We didn’t order this monstrosity! It belonged to the man next to us and he actually ate the entire thing (plus a salad beforehand).

After a lovely, and very much needed nap, we ventured out for a late dinner.  Excited that we are in Germany and it is finally acceptable to have a hamburger again, we chose Burger House based on the extremely positive reviews on TripAdvisor. This was our first foray onto the Munich public transportation system and after our ticket debacle in Budapest, we weren’t taking any chances.  Like good citizens, we bought out tickets and validated them.  We would not be burned again.  It is a good thing we did all this because as soon as we got on the train a group of ticket control agents boarded and started checking tickets.  Exhilaration rushed through us.  We were pretty sure we did all that we needed to do, but it was our first time and we couldn’t be positive.  When they checked our tickets, I wanted to shout, “Yeah, just try to say something to me!”  They nodded and moved on.  Never again will we be caught without the right ticket!

Our good mood continued when we finally found Burger House.  As soon as we walked in we were surrounded by the sights and sounds of an awesome restaurant.  Not too big, maybe 12 tables in all, people drank beer and ate their food looking truly happy to be there.  We were barely able to snag a seat at the bar, just eeking in before their 10pm closing time which seems early to us.  I’m so glad we made it because this was easily the best burger we’ve had since we left New York.  It is amazing what can happen when simple, fresh ingredients are prepared well.  The man next to us ordered the Triple Classic Burger and actually finished it.  Quite a feat.  The burger, coupled with our first taste of delicious German beer, made for the perfect first dinner in Munich.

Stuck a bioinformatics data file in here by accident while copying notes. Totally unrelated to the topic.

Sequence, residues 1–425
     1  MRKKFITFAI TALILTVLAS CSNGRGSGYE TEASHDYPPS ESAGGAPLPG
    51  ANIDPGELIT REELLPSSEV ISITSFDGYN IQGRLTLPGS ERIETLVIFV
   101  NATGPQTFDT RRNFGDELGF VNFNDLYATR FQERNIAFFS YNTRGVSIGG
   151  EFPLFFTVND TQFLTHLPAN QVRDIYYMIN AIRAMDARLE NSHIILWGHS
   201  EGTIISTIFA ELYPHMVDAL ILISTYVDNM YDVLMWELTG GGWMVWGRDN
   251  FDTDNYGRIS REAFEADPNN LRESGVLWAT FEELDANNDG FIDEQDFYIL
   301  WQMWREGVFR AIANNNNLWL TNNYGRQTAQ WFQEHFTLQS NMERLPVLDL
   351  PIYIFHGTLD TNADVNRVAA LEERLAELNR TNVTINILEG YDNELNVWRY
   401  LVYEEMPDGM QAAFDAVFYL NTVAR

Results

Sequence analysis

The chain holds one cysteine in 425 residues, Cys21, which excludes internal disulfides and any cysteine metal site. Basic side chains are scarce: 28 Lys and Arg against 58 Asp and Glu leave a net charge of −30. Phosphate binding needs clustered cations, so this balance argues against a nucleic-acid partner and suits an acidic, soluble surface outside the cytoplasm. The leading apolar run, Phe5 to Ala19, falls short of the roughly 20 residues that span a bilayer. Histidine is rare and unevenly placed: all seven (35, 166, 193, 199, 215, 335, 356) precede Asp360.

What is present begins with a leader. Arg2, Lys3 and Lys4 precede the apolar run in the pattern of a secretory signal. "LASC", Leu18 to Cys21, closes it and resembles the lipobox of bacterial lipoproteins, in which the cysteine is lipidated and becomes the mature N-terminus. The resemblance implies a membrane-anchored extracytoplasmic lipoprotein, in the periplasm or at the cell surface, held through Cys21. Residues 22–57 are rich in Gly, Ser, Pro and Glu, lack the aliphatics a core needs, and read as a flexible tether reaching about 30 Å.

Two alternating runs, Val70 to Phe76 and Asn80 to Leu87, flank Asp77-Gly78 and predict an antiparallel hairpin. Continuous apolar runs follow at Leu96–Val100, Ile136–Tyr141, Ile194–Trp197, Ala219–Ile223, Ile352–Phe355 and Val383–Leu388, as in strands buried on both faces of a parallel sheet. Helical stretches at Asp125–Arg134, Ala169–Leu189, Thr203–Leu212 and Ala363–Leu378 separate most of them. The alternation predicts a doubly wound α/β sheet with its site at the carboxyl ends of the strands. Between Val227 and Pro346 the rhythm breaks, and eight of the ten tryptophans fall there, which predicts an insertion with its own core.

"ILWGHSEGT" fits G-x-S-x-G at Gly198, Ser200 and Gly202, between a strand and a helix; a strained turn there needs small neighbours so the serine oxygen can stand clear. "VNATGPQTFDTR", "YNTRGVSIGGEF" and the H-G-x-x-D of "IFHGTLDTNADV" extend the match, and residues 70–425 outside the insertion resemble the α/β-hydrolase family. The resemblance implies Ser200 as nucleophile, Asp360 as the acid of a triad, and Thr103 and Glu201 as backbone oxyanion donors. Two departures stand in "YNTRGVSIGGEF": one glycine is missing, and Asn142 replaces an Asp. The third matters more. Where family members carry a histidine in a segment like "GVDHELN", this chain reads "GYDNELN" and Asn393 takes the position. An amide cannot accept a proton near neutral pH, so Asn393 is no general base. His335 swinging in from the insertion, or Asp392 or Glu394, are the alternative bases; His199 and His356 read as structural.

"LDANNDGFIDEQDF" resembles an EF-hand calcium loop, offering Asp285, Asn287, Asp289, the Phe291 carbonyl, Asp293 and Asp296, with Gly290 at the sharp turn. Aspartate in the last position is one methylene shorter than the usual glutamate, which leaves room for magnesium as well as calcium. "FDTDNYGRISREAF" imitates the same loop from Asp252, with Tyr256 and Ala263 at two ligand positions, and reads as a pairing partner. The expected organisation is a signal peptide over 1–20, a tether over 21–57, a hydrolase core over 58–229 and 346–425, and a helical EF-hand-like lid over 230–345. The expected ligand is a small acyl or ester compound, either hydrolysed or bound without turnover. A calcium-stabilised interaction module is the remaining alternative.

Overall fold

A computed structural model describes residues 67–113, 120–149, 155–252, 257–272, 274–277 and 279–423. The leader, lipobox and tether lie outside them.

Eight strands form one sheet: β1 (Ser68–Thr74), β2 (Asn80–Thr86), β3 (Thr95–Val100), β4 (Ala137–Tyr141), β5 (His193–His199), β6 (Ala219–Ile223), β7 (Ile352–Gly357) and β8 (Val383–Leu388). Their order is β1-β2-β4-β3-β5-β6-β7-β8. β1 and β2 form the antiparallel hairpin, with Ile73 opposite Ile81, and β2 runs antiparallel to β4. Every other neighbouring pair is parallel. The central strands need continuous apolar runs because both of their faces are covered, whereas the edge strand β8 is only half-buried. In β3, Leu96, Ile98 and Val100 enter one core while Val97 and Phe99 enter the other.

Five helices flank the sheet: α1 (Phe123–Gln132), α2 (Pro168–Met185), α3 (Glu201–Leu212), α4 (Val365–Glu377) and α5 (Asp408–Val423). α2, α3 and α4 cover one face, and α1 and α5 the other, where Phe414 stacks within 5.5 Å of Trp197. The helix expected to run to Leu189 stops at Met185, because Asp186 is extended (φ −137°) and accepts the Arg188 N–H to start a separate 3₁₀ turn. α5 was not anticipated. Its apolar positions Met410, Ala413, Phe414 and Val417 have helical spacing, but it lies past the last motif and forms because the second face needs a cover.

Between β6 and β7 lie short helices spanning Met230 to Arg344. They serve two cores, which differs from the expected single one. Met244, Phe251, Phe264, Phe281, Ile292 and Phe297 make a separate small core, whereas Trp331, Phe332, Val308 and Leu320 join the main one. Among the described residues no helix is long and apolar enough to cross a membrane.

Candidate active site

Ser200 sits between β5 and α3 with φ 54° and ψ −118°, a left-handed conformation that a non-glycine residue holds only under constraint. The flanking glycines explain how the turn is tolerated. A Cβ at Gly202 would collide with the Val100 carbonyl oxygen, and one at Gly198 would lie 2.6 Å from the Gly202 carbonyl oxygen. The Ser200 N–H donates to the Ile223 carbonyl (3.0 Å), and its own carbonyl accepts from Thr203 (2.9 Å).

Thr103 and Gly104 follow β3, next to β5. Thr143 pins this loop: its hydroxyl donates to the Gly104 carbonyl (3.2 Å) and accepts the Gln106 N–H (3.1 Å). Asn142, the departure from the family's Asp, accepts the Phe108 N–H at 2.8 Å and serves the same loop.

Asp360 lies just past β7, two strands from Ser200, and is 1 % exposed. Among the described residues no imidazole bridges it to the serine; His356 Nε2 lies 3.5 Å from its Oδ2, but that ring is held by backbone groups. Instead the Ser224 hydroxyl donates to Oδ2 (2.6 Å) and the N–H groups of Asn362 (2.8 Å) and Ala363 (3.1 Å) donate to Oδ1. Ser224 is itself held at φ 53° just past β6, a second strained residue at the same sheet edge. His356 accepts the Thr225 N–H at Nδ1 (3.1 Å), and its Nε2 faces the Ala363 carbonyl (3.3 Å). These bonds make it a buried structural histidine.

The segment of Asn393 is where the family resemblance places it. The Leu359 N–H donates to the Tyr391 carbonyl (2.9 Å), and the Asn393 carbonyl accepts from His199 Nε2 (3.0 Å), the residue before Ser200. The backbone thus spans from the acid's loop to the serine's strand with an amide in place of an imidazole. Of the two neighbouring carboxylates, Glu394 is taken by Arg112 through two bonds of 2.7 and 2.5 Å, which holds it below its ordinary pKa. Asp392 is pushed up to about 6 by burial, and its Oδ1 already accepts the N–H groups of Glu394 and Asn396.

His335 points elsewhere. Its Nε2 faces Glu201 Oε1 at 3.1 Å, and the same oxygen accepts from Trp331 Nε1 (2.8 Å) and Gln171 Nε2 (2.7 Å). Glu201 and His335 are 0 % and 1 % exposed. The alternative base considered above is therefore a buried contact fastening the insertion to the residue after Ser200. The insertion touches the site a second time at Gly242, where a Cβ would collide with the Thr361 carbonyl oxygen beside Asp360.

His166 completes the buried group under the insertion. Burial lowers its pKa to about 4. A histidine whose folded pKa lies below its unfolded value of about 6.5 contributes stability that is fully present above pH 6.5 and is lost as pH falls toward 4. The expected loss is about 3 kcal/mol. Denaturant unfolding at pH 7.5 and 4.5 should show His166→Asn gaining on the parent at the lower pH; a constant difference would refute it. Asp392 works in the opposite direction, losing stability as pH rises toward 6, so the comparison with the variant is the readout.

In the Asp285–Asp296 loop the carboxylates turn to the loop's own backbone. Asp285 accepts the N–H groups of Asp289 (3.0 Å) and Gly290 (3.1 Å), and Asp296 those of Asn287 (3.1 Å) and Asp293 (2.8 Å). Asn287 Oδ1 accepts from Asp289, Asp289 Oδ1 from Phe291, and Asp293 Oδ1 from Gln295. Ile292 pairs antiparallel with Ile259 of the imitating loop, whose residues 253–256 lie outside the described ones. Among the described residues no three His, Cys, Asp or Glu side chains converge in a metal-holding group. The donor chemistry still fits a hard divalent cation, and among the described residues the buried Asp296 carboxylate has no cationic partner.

Customers wait on the stairs to go down to their brand new BMW. What a thrill!